SEC Approves NASDAQ And NYSE Rules Relating To Corporate Governance And Director Independence

Thursday, January 1, 2004 - 01:00

On November 4, 20031 the Securities and Exchange Commission (Commission) approved the New York Stock Exchange (NYSE) and the NASDAQ Corporate Governance Proposal; the NASDAQ Going Concern Proposal; the NASDAQ Related Party Transaction Proposal; the NASDAQ Issuer Applicability Proposal; and the NASDAQ Code of Conduct Proposal, each as amended.

The NYSE New Director Independence standards are found in Section 303A of the NYSE Listed Company Manual. The NASD standards regarding Director Independence are found in Rules 4200 and 4300 of the NASD manual.

Both the NYSE and NASDAQ require listed issuers to:

• have a majority of independent directors on their board;

• have boards make an affirmative determination of independence and provide information to investors about their determination;

• comply with significant responsibilities for nomination, compensation and audit committees;

• identify certain relationships that automatically preclude a board finding of independence;

• have non-management directors meet at regularly scheduled executive sessions;

• comply with the standards set forth in Rule 10A-32 (listing standards relating to audit committees);

• adopt a cure period as provided in Rule 10A-3(a)(3) for audit committee members who cease to be independent for reasons outside their reasonable control;

• have an audit committee that is comprised of at least three directors, who are required to meet the NYSE or NASDAQ respective definitions of independence, in addition to the independence requirements of Rule 10A-3;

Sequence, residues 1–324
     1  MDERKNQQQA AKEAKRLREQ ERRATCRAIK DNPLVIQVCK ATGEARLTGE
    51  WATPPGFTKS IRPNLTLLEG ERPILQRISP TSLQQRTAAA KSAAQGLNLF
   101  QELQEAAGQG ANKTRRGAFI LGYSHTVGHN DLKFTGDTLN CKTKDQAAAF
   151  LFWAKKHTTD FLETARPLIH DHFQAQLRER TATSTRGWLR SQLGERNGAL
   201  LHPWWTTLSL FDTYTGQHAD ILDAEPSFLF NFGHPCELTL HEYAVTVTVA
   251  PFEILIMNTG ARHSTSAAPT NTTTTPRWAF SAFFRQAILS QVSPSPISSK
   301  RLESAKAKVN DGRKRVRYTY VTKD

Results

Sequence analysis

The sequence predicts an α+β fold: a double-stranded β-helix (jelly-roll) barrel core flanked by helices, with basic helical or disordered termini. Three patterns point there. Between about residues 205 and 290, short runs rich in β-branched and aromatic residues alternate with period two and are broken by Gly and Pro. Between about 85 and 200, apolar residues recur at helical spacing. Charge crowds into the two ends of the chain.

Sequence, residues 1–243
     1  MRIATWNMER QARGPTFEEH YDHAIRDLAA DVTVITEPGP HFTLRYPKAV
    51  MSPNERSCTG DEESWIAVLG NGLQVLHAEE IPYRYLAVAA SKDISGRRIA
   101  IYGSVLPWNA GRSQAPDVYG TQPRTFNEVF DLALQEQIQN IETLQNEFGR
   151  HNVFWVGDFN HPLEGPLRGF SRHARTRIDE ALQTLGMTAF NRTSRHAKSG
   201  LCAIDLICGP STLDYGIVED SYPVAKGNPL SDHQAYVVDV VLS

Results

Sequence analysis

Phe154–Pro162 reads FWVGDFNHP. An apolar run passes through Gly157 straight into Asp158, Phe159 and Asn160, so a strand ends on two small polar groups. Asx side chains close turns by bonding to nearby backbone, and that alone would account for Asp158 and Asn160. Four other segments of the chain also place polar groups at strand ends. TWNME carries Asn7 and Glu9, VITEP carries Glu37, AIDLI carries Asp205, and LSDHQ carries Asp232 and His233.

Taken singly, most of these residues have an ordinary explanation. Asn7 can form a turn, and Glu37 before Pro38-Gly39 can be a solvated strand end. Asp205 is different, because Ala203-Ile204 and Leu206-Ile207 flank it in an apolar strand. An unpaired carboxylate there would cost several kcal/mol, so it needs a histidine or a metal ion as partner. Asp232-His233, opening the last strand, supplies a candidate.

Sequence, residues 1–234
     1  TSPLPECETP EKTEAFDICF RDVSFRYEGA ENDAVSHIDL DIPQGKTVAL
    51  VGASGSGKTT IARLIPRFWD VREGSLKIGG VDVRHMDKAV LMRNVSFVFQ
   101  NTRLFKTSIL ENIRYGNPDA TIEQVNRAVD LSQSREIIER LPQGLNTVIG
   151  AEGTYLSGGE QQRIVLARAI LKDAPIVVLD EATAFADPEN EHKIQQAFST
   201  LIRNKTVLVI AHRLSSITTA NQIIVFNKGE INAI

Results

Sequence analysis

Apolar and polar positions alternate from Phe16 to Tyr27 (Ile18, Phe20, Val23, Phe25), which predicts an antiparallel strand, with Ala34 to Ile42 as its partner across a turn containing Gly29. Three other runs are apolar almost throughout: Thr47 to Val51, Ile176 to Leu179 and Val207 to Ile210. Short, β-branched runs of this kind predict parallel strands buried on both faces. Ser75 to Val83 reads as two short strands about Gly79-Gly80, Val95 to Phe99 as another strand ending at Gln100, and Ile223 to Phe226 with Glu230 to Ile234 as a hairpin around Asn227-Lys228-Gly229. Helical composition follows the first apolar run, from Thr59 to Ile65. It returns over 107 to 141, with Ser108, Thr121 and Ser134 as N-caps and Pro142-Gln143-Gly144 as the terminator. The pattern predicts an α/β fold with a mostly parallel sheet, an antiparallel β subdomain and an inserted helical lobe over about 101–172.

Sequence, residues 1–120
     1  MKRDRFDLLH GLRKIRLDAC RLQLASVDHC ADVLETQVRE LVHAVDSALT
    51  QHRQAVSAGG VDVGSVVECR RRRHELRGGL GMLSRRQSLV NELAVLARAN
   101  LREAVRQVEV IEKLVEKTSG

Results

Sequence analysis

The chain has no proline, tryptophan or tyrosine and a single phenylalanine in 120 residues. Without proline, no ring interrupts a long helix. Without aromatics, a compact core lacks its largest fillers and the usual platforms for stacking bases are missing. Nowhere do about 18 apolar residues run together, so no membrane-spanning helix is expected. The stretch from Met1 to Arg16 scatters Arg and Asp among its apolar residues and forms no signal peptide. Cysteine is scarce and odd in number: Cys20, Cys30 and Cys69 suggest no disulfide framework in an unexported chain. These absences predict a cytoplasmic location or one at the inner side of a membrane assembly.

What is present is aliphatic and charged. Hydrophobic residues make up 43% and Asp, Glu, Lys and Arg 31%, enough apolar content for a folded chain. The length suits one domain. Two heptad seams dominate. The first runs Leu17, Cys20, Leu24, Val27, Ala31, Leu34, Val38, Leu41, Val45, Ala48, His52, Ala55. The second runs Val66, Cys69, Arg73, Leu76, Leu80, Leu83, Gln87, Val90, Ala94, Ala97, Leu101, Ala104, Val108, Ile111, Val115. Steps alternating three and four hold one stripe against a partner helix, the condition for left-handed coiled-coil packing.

• adopt and make publicly available a code of conduct with enforcement provisions that is applicable to all directors, officers and employees, and disclose any waivers of the code for directors or executive officers.

NASDAQ final rules include:

(i) an expansion of certain per se disqualifications from independent director standards to cover family members;

• Payments Provision. A director who accepts, or has a family member who accepts, any payments from the company, or any parent or subsidiary of the company, in excess of $60,000 during the current fiscal year or any of the past three fiscal years, other than certain committed payments, would not be deemed independent.

The Payments Provision is generally intended to capture situations where a payment is made directly to, or for the benefit of, the director or family member of the director. Such situations may include a consulting or personal service contract with a director or family member of the director, or political contributions to the campaign of a director or family member of the director.